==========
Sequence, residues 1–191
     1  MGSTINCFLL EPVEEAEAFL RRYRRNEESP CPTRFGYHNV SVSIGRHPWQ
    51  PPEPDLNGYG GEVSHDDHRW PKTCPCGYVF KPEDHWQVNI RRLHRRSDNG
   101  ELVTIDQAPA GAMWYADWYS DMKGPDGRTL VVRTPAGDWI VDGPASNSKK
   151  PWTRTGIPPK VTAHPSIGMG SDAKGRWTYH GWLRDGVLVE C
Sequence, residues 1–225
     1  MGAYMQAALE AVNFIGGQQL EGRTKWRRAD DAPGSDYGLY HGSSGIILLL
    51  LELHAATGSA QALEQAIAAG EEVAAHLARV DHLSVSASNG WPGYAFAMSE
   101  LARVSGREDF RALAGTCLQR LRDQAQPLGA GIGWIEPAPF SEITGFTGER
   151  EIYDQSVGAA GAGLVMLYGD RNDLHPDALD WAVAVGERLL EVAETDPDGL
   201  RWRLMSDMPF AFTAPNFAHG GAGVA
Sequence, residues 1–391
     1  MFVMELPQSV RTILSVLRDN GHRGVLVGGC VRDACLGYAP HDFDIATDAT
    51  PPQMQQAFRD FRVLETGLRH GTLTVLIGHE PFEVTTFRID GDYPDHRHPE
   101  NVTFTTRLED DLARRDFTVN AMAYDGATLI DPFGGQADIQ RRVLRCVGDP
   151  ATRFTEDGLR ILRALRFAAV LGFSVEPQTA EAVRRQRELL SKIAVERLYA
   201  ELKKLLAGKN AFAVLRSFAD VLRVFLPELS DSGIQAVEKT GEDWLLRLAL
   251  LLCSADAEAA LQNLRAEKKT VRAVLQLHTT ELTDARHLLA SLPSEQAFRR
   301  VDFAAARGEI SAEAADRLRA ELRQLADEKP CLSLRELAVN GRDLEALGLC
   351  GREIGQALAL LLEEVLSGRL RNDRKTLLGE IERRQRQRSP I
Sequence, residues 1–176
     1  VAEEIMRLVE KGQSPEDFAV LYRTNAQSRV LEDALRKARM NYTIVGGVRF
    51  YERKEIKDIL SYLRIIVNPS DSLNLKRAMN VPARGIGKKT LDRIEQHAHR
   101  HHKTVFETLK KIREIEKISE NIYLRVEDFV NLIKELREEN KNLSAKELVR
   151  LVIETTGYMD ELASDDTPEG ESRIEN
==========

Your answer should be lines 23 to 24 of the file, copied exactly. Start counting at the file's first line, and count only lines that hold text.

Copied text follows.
    51  YERKEIKDIL SYLRIIVNPS DSLNLKRAMN VPARGIGKKT LDRIEQHAHR
   101  HHKTVFETLK KIREIEKISE NIYLRVEDFV NLIKELREEN KNLSAKELVR